The majority of the settlements in North Wales are along the coast, including some popular resorts, such as Rhyl, Llandudno and Pwllheli. The A55 expressway links these towns with the north of England and the port of Holyhead for ferries to Ireland; few routes connect North Wales with South Wales. There are two cathedral cities — Bangor and St. Asaph, and a number of mediaeval castles (e.g.: Harlech, Caernarfon, Beaumaris, Conwy). Rhyl (Welsh: Y Rhyl) is a seaside town located on the Irish Sea, in the administrative county of Denbighshire and the traditional county of Flintshire, North Wales, United Kingdom, at the mouth of the River Clwyd (Welsh: Yr Afon Clwyd). ... Llandudno Bay and the Little Orme viewed from the Great Orme Llandudno Pier viewed from the Happy Valley gardens A sunny corner in the Happy Valley gardens Llandudno South Parade (on the north shore) viewed from the Great Orme, with the twin mounds of Deganwy Castle in the distance Llandudno... Pwllheli is the main market town of the Lleyn peninsula in northwestern Wales. ... The A55 at Warren Mountain The A55, also known as the North Wales Expressway, is a major road in Britain. ... Royal motto (French): Dieu et mon droit (Translated: God and my right) Englands location (dark green) within the United Kingdom (light green), with the Republic of Ireland (blue) to its west Languages English Capital London Largest city London Area – Total Ranked 1st UK 130,395 km² Population – 60,609... Holyhead (Welsh: Caergybi, the fort of St. ... Approximate extent of South Wales South Wales is an area of Wales bordered by England and the Bristol Channel to the East and South, and Mid Wales and West Wales to the North and West. ... Bangor, in north Wales, UK, is one of the smallest cities in the United Kingdom. ... St Asaph (Welsh: Llanelwy) is a town in Denbighshire, Wales on the River Elwy. ... The main gatehouse of Harlech Castle. ... The ward of Caernarfon Castle, showing (from left to right) the Black Tower, the Chamberlains Tower, and the Eagle Tower. ... Beaumaris Castle and moat. ... Conwy Castle - illustration from Cassells History of England circa 1902 Conwy Castle (often spelled Conway Castle in English usage, although this is now discouraged) was built in Conwy as part of Edward Is second campaign in North Wales. ...


North Wales has a somewhat separate identity to the rest of Wales. Its dialect of the Welsh language differs to that of South Wales in some ways; for example llefrith is used in some areas instead of llaeth for "milk". Colloquially, a person from North Wales (especially one who speaks with this dialect or accent) is known as a North Walian, or a gog (from the Welsh gogledd, meaning "north"). This part of Wales also has the highest area of Welsh speakers, where 90% of the population speak Welsh. Welsh redirects here, and this article describes the Welsh language. ... Approximate extent of South Wales South Wales is an area of Wales bordered by England and the Bristol Channel to the East and South, and Mid Wales and West Wales to the North and West. ...


For many purposes Wales can be divided into only three regions, North Wales, South Wales and West Wales. In this scenario the boundary between North Wales and West Wales is marked by the Cerdigion Powys Border. Powys itself is divided with the Traditional County of Brecknockshire being included in South Wales with Montgomeryshire included in North Wales. Approximate extent of South Wales South Wales is an area of Wales bordered by England and the Bristol Channel to the East and South, and Mid Wales and West Wales to the North and West. ... West Wales is the west area of Wales bordered by South Wales to the east. ... Brecknockshire, also known as Breconshire or, in Welsh, as Sir Frycheiniog is an inland traditional county of Wales, bounded N. by Radnorshire, E. by Herefordshire and Monmouthshire, S. by Monmouthshire and Glamorgan, and W. by Carmarthenshire and Cardiganshire. ... Montgomeryshire (Welsh: Sir Drefaldwyn) is an inland traditional county of Wales. ...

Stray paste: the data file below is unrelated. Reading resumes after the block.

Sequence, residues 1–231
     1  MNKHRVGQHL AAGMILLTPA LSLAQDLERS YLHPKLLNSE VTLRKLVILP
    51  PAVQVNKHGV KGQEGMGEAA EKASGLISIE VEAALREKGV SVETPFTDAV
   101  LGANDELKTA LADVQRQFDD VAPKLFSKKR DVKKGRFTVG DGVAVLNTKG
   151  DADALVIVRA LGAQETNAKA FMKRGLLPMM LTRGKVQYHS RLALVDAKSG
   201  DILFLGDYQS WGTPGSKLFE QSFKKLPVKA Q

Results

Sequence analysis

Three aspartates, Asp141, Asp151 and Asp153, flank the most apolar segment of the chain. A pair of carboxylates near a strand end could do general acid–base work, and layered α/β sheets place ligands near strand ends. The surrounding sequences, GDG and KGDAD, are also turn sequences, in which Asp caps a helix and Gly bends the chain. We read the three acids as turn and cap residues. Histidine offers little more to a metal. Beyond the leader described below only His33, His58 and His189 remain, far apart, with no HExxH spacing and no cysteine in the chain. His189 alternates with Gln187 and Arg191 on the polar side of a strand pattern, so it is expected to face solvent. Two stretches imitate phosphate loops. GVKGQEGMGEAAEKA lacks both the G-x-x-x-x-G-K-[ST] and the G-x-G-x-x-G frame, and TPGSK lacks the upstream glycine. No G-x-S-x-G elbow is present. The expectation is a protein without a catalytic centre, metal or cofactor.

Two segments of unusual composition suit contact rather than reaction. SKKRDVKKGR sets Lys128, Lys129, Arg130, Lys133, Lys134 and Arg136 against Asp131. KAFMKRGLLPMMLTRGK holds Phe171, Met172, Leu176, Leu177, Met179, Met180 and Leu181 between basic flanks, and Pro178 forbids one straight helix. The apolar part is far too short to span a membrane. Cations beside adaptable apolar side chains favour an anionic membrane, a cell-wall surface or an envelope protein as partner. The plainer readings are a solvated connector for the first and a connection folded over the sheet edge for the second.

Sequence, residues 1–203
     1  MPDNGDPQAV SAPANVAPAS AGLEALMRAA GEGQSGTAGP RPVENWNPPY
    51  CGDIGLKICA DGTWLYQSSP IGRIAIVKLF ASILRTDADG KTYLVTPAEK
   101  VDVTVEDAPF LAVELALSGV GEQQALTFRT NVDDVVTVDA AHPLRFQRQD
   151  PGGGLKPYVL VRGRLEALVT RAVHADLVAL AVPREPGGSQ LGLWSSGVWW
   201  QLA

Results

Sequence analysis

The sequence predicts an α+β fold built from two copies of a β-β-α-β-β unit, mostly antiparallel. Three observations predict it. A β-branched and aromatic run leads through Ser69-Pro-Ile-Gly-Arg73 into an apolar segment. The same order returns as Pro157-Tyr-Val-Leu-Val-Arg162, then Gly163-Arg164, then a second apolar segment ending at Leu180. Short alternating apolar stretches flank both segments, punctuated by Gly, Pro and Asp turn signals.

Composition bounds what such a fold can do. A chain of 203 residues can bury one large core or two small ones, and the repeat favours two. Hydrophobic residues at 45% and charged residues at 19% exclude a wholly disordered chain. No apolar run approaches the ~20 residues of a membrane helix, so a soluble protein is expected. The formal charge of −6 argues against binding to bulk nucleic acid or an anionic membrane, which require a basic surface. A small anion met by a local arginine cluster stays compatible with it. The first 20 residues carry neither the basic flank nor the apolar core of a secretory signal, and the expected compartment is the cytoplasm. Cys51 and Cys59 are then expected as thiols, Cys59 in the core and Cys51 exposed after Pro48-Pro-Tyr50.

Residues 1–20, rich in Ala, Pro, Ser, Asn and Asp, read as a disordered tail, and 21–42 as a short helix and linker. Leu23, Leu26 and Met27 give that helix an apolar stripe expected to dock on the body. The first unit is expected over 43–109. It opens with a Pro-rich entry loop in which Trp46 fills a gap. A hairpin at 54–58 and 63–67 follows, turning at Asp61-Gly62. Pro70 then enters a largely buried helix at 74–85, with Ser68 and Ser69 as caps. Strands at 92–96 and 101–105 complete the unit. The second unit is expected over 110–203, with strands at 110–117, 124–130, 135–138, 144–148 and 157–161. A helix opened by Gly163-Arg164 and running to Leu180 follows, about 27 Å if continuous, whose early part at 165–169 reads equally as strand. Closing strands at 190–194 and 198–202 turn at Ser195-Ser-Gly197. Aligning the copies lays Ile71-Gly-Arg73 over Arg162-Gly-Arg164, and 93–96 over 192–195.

North Wales was a European Parliament constituency until 1999, and is now an electoral region for the National Assembly for Wales. The European Parliament building in Strasbourg The inside of the building The European Parliament (formerly European Parliamentary Assembly) is the parliamentary body of the European Union (EU), directly elected by EU citizens once every five years. ... The National Assembly for Wales (or NAfW) (Welsh: Cynulliad Cenedlaethol Cymru) is a devolved assembly with power to make legislation in Wales, and is also responsible for most UK government departments in Wales. ...


External links

  • Things to do in North Wales
  • Snowdon Route Walking Guide at Snowdon.com
  • Images of North Wales Photographs of North Wales

  Results from FactBites:
 
North Wales Accommodation Hotels Holiday Cottages Bed Breakfast Self Catering (283 words)
This site covers the whole of the North Wales region from Anglesey in the West to the Wales Borderlands in the East and South as far as Harlech.
This website is a powerful marketing tool for tourism businesses in North Wales.
If you run a Tourism business in North Wales, then please Click Here to find out more on how you can become a part of Beautiful North Wales.
North Wales Hospital (Denbigh Asylum) History - Abandoned Photography : opacity.us (406 words)
The North Wales Lunatic Asylum was the first psychiatric institution built in Wales; construction began in 1844 and completed in 1848 in the town of Denbigh.
The North Wales Hospital was closed in sections from 1991 to 2002, most notable was the closure of the main hospital building in 1995.
On July 12, 2004, The Prince of Wales visited the hospital and administered this speech, and the hospital is currently slated to be converted into private homes.
  More results at FactBites »